01 October 2013
I know it's entirely idealistic, but sometimes I really wish that great digital stuff didn't need to be 'monetised': that things that were just a brilliant idea could remain unadulterated by the need to generate income and, ultimately, profit (like I said, entirely idealistic).
I thought that about Twitter for a long while. Twitter was a stroke of genius that quickly became an indispensable tool for millions of people. Of course it could be argued that one of the reasons it became so popular so quickly was that it was given away for free. Had we been asked to pay for it - say £5 a month - its adoption would have been much slower. And for a long while it didn't look as though Twitter could be monetised. The first attempts at promoted tweets - priced as they were at hundreds of thousands of dollars - weren't a great success, and it was difficult to see other revenue models beyond advertising. Certainly, as Facebook has found, if Twitter is heading towards an IPO, it really needs to sort its commercial model out.
Next up on that road appears to be Instagram (a particular fondness of mine, if you hadn't noticed). You'll all remember that Facebook paid a billion dollars for Instagram. A billion dollars! My favourite quote at the time to try and justify the price was that Facebook had "bought a slice of the world's visual memory". I really liked that, but for a quoted company like Facebook, it's probably not quite enough.
There has been an assumption that Instagram's video functionality - specifically allowing people and brands to upload 15 second videos to the platform - sat quite neatly with Facebook's rumoured plans for TV-style video ads (as covered previously by my colleague Coren).
Again, however, it seems that Instagram is going to have to earn its keep in a more traditional way, and that very soon we'll see advertising within Instagram itself.
As ever, Instagram will be trying to balance the integration of advertising into a user's stream with the overall quality of user experience. Hopefully they'll be able to use the experience of the parent company (though many would argue that Facebook has yet to crack it) and that there's enough data in a user's Instagram profile to ensure that ads are relevant. A lot of Instagram users geo-locate their images, which is always useful for targeting, and the use of hashtags to attach specific images to topics and trends is also prevelant. A quick scrape of the data on my Instagram profile would probably have me down for ads from Ryanair and cycling brands (and misdirected ones from cloud service companies).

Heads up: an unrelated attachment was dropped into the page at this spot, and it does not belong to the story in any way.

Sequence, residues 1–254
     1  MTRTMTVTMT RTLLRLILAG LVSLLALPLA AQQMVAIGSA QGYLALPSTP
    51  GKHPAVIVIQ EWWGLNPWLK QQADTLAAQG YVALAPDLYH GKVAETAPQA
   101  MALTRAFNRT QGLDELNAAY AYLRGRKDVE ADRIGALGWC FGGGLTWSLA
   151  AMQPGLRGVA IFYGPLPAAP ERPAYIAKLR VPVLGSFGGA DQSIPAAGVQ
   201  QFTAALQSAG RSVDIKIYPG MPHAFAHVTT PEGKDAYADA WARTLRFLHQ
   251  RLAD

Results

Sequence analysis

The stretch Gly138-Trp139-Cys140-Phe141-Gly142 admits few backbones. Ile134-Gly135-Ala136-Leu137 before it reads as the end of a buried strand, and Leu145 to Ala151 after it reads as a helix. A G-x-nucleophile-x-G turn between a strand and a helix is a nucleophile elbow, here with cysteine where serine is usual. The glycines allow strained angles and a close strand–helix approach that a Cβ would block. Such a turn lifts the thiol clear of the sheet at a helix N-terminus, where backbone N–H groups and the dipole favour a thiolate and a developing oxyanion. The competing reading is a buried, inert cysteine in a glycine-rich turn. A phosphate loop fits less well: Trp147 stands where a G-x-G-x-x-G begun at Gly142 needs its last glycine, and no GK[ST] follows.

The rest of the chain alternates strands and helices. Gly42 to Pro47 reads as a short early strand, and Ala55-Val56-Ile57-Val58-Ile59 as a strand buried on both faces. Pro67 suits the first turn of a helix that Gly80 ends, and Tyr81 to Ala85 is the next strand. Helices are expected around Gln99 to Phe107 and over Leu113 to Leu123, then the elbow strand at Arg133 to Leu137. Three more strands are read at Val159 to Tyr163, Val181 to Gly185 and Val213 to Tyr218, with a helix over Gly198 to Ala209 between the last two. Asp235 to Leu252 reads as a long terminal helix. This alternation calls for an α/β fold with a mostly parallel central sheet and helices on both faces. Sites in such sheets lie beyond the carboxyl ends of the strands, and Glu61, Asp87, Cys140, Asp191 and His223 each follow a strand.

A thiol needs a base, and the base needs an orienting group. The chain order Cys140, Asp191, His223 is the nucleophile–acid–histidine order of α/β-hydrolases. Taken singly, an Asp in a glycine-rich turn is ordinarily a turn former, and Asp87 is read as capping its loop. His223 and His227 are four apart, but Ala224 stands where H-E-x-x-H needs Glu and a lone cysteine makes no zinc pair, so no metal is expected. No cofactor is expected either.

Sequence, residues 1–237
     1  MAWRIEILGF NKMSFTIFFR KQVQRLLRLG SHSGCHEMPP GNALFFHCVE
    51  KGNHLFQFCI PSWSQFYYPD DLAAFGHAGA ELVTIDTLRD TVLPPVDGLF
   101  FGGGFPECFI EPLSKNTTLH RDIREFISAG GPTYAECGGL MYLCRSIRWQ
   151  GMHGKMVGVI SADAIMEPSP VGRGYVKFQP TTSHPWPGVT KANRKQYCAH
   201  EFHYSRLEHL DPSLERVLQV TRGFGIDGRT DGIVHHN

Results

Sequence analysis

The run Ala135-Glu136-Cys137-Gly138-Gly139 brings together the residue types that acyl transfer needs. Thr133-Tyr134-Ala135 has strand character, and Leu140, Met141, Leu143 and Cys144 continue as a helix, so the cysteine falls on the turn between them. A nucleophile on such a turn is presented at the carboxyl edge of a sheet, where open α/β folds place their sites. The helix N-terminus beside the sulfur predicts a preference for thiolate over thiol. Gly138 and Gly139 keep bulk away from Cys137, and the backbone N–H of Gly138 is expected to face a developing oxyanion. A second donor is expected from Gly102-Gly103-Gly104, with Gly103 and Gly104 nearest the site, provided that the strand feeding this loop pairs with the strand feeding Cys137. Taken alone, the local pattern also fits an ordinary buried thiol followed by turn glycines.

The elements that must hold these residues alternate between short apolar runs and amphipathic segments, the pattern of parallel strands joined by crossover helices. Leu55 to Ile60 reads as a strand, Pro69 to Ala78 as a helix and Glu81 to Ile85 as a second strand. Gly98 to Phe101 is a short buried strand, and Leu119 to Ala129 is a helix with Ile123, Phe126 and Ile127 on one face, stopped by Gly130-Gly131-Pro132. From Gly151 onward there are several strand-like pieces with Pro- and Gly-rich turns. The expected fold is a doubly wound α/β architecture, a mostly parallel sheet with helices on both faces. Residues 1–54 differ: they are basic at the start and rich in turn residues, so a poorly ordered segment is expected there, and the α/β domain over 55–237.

In terms of the ads themselves, logically they're going to take the form of an image or video which a short description and call to action. I just hope the advertisers embrace the inherent creativity of the platform and don't simply produce square banner ads. A lot of brands are already engaging people on Instagram through great content, so I'm guessing that 'promoted pics' will be one of the ad options, which will hopefully mean less intrusive marketing messages.
What I'd really like to see, however, is a brand that truly tries to incentivise Instagram users creatively, perhaps by running a competition for people to create ads for the brand in an 'Instagrammy' way. The Coca-Cola logo drawn by a damp finger on the side of a red London double-decker bus, for example. That's the sort of campaign I could get behind.
The smart brands will be the ones that realise it's possible to build a following, involve people and generate advocacy without doing so through 'traditional' advertising methods. In fact if you take the original digital marketing poster brand Burberry as an example, the first campaign that truly made its name in digital and social, The Art of the Trench, would have been perfect to execute through Instagram, had it been around then.
More of that please.